Thousands of Australians could have pacemakers being recalled in US over hacking risk

Thousands of Australians are believed to have pacemakers that have been recalled in the United States because they are vulnerable to being hacked.

The US Food and Drug Administration (FDA) has recalled 465,000 devices from Abbott’s (formerly St Jude Medical) because hackers could remotely cause the batteries to rapidly go flat or force the pacemakers to run at potentially deadly speeds.

In Australia the Therapeutic Goods Administration said it was aware of the recall and was reviewing information “to determine what, if any, action is required in Australia and will take into account the conclusions from the FDA investigations”.

Medicare statistics indicated there were about 11,375 pacemakers and 3,500 implantable cardioverter defibrillators implanted in Australia in 2016.

Only those devices implanted in the past two years would likely have “remote monitoring”, which allows cardiologists to monitor how well the devices are operating from a standalone computer — and that is what makes the devices vulnerable to hacking.

St Jude Medical has an estimated 20 per cent of the pacemaker market in Australia, meaning about 6,000 Australians with devices could be affected.

But experts said all pacemaker patients who have remote monitoring were vulnerable to hacking.

Cardiologist Dr Bradley Wilsmore said it was highly unlikely average Australians would be a target.

Dr Wilsmore specialises in heart rhythms and said he had received no correspondence from St Jude Medical or the Therapeutic Goods Administration about the FDA recall, and learned about it in the media.

“St Jude’s are absolutely hopeless,” he said.

“It’s extremely frustrating.”

He was equally critical of the Therapeutic Goods Administration.

Risk to Australian patients ‘low’

Dr Wilsmore said patients should not be concerned because there was an extremely “low risk” of being hacked, and this was vastly outweighed by the benefit of remote monitoring.

Patients who are monitored live longer, are less likely to receive inappropriate shocks, have better battery life, less malfunctions and are generally better managed, the cardiologist added.

“If I had a pacemaker I’d have remote monitoring, without question,” he said.

However, he said while it was excellent medical innovation, he was concerned there was insufficient regulation of remote monitoring in Australia.

“There’s no guidelines or regulations or criteria of security of these devices,” Dr Wilsmore said.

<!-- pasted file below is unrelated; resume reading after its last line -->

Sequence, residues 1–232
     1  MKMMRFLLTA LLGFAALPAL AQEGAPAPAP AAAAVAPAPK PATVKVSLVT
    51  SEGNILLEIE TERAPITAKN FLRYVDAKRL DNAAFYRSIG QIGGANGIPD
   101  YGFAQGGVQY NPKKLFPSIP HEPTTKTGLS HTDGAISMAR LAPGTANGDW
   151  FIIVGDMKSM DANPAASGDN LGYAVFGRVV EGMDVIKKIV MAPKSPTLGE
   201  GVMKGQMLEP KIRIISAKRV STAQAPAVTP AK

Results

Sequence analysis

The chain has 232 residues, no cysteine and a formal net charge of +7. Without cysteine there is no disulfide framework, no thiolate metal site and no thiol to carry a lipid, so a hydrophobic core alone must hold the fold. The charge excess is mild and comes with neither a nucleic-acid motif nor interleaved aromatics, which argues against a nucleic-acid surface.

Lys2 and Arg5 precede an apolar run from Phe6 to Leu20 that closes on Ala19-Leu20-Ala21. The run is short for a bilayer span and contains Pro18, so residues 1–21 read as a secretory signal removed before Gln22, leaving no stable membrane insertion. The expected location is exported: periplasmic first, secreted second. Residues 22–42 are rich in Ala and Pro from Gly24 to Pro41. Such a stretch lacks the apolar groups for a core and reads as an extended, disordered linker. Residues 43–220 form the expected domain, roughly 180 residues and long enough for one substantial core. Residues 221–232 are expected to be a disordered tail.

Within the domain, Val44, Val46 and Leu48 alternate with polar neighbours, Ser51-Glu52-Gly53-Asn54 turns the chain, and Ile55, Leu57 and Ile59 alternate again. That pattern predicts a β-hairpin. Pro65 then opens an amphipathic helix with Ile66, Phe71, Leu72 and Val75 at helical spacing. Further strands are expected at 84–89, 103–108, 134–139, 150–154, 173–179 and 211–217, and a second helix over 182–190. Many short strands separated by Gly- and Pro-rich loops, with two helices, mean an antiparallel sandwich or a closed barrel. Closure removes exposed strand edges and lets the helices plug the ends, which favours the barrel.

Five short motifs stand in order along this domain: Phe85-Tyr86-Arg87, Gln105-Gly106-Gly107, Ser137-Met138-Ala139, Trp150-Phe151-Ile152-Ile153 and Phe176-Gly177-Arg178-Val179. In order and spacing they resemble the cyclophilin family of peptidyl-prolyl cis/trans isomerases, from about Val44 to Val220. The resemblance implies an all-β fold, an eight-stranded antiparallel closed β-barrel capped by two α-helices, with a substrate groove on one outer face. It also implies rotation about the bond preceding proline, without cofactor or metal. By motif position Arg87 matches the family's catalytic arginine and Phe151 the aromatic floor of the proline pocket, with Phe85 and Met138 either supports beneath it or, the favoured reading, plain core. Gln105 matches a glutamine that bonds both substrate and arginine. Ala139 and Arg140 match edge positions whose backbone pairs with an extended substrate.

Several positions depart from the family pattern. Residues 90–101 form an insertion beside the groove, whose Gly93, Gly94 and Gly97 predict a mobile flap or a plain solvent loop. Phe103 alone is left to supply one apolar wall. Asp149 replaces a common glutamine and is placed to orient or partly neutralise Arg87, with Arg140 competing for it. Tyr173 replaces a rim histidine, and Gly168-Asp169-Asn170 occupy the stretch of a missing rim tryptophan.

He advised patients to ask about their device at their next check-up and seek a software upgrade.

“I don’t think it’s a significant issue,” Dr Wilsmore said. “At the moment it’s unlikely to cause any problems, but it only takes one weirdo.”
‘No reported cases of malicious intent’

The Cardiac Society of Australia and New Zealand said the problem was more theoretical than real.

The society’s Heart Rhythm Council chairman, Professor Andrew McGavigan, said there was no urgent need for people to seek medical attention, but agreed patients should get a firmware update.

“There’s no reported cases of actual or malicious intent,” he said.

Patients can find out if they have a St Jude Medical device by checking a special card given to them after their initial surgery.

Dr Wilsmore said while all pacemakers with remote monitoring could be vulnerable, St Jude Medical devices had been targeted because the company was publicly listed.

Last year medical device research firm MedSec publicly revealed several vulnerabilities in St Jude Medical pacemakers, while at the same time betting on the stock market that the company’s share price would fall — a process known as short selling.

FDA recall ‘part of planned updates’

The idea of hacking a pacemaker to assassinate someone may have seemed far-fetched when it was a plot line in the popular TV show Homeland in 2012.

But less than a year later former US vice-president Dick Cheney revealed to American media that his cardiologist ordered the manufacturer of his pacemaker to disable wireless capabilities.

“It seemed to me to be a bad idea for the vice-president to have a device that maybe somebody on a rope line or in the next hotel room or downstairs might be able to get into — hack into,” Mr Cheney’s cardiologist Jonathan Reiner said.

“And I worried that someone could kill [the vice-president].”

A spokeswoman for Abbott’s (St Jude Medical) said the FDA recall was part of planned firmware updates announced in January.

“We have communicated with physicians about these updates to our pacemakers as part of our ongoing commitment to continuously improve patient care in the face of a constantly evolving technology landscape,” she said.

“This update will be launched following local regulatory approval.

“Abbott is also communicating with regulatory authorities worldwide to implement the new updates to the implantable devices.”

Patients with radio frequency enabled models of St Jude Medical/Abbott’s pacemakers should get in touch with their cardiologist.

Source:http://www.abc.net.au/news/2017-08-31/pacemakers-recall-hacking-risk-australians-could-have-them/8860368